Spatial patterns in the distribution of benthic assemblages across a large depth gradient in the Coral Sea, Australia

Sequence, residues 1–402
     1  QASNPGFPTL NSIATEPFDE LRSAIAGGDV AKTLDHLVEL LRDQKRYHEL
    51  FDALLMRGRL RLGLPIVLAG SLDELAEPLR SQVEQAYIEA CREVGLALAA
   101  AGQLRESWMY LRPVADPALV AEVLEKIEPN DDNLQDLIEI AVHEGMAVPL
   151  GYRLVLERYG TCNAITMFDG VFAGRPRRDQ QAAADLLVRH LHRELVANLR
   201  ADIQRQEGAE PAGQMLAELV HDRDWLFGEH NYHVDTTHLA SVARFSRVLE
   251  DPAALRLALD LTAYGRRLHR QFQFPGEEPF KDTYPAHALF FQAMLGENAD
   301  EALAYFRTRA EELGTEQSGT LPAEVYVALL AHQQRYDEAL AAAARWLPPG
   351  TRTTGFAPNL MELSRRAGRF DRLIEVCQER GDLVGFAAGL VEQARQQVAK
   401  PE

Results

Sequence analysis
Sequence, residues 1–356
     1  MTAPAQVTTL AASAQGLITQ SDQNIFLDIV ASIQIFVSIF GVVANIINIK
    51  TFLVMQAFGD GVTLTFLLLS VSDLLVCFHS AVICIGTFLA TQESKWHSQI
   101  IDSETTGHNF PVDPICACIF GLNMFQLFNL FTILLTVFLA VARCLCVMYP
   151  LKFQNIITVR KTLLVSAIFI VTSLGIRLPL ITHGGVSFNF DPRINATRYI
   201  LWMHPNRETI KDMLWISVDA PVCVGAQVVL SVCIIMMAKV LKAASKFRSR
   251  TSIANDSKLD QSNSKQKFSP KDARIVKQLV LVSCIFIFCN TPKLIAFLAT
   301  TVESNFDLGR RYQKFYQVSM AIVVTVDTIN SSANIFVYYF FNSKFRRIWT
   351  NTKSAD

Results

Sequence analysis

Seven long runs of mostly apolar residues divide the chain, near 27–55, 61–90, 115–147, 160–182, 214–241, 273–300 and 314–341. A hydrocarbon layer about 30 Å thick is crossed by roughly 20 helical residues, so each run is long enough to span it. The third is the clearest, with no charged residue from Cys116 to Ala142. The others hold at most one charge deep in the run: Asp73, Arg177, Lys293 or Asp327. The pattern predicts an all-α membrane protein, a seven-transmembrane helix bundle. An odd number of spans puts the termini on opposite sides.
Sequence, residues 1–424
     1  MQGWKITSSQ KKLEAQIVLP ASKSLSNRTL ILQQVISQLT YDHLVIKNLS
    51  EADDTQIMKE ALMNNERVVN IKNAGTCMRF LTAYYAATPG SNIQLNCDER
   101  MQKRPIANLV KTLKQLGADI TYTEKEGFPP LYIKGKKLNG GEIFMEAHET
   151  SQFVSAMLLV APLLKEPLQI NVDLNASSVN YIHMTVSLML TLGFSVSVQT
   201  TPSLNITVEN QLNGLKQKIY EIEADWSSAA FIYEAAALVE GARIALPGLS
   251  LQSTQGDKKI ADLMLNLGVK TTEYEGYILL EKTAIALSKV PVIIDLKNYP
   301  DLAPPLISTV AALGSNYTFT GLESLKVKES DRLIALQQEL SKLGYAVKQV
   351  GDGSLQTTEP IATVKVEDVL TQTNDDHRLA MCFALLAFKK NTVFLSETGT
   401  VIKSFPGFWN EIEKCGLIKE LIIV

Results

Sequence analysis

The Queensland Plateau in the Coral Sea off north-eastern Australia supports numerous submerged and emergent reefs. Osprey Reef is an emergent reef at the northern tip of the plateau ~1500 m in elevation. Over such a large depth gradient, a wide range of abiotic factors (e.g., light, temperature, substratum etc.) are likely to influence benthic zonation. Despite the importance of understanding the biodiversity of Australia’s Coral Sea, there is a lack of biological information on deep-water habitats below diving depths. Here, we used a deep-water ROV transect to capture video, still photos and live samples over a depth range spanning 92 to 787 m at North Horn on Osprey Reef. Video analysis, combined with bathymetry data, was used to identify the zones of geomorphology and the benthic assemblages along the depth gradient. There were marked changes in the geomorphology and the substrate along this depth gradient which likely influence the associated benthos. Cluster analysis indicated five benthic assemblage groups, which showed clear zonation patterns and were generally predictable based on the depth and sedimentary environment. These results are the first quantitative observations to such depths and confirm that the waters of the Coral Sea support diverse benthic assemblages, ranging from shallow-water coral reefs to mesophotic coral ecosystems, to deep-water azooxanthellate corals and sponge gardens. The knowledge provided by our study can inform management plans for the Coral Sea Commonwealth Marine Reserve that incorporate the deeper reef habitats and help to minimise future damage to these marine ecosystems.